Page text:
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Open Access Highly Accessed Research article

Differences in integrin expression and signaling within human breast cancer cells

Aliakbar Taherian12, Xinlei Li1, Yongqing Liu1 and Thomas A Haas1*

Author Affiliations

1 Department of Anatomy and Cell Biology, College of Medicine, University of Saskatchewan, Saskatoon, SK, Canada 7E3 5E5

2 Department of Histology, Kashan University of Medical Science, Kashan, Iran

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BMC Cancer 2011, 11:293  doi:10.1186/1471-2407-11-293

Published: 13 July 2011



Integrins are used as prognostic indicators in breast cancer. Following engagement with extracellular matrix proteins, their signaling influences numerous cellular processes including migration, proliferation, and death. Integrin signaling varies between cell types through differential expression of integrin subunits, and changes within a given cell upon exposure to a cell agonist or through changes in its surroundings. These variations in signaling can profoundly affect the phenotypic, tumorogenecity and metastatic properties of cancer cells. In the present study, we investigated if there were differences in the expression of integrins, integrin structures, and integrin co-receptors within three breast cancer cells and if these differences effected integrin signaling.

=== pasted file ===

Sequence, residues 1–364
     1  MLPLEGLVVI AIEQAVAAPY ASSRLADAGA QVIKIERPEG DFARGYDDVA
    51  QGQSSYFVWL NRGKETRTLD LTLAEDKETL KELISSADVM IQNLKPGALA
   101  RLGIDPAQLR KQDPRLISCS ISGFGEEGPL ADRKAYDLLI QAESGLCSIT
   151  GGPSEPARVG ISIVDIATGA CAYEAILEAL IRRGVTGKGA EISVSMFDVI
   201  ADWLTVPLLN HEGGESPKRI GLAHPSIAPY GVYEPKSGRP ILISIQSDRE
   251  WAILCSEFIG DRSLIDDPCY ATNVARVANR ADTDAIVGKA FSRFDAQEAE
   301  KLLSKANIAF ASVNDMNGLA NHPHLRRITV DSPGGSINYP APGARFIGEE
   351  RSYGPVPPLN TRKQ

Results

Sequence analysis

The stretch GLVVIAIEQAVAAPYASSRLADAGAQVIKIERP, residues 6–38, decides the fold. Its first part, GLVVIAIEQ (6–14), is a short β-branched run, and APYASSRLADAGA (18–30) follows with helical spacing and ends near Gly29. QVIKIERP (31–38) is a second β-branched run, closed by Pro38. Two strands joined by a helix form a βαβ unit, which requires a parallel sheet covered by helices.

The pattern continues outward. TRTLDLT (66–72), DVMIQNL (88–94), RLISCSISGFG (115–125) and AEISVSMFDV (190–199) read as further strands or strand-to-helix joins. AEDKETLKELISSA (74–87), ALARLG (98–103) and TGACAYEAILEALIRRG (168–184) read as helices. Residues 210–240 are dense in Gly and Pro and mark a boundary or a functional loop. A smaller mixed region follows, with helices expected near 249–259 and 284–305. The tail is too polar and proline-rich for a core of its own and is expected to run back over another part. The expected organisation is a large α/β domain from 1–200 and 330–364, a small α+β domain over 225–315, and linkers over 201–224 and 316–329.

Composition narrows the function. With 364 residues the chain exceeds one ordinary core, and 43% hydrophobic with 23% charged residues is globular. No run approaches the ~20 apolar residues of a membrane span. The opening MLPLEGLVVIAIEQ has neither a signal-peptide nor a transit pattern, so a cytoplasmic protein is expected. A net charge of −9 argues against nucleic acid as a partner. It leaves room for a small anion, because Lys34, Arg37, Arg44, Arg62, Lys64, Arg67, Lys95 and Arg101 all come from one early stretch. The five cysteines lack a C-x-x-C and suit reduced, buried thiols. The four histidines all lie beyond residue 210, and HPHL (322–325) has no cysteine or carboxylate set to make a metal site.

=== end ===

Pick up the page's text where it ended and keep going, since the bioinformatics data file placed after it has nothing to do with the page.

Expression of integrins, urokinase receptor and vascular endothelial cell growth factor receptor (VEGFR) in metastatic MDA-MB-435 and MDA-MB-231, non-metastatic MCF7 and non-breast cancer Hek-293 cells was measured by flow cytometry. Cell adhesion was assessed using collagen, fibrinogen, fibronectin and vitronectin coated plates. Changes in kinase levels following PMA stimulation, and cell adhesion-induced activation of kinases were determined by western blot analysis. Distribution of actin stress fibers and focal adhesions was assessed by immunocytochemistry.


All cells expressed αv integrins, while high β5 and αvβ5 expression was restricted to the cancer cells and high β3 and αvβ3 expression was restricted to MDA-MB-435 cells. The two metastatic cells were the least adhesive, but all cells adhered well to most proteins in the absence of PMA. All proliferating cells expressed activated pSrc, but only proliferating metastatic cells expressed high pMEK levels. PMA treatment resulted in time-dependent changes in activated kinase levels, and only MDA-MB-231 cells constitutively expressed high levels of activated pMEK. MDA-MB-435 cells formed more stress fibers and focal adhesions and only exhibited adhesion-induced activation of pMEK and pFAK. All cells expressed the urokinase receptor, but MCF7 cells had markedly higher VEGFR expression. Adhesion induced differential expression of pFAK, pMEK and pERK.


This study demonstrates that breast cancers vary in their expression of integrins, their capacity to form focal adhesion and to signal through integrins. These differences likely contribute to phenotypic variations between cancer lines and account for some of the heterogeneity of breast cancer.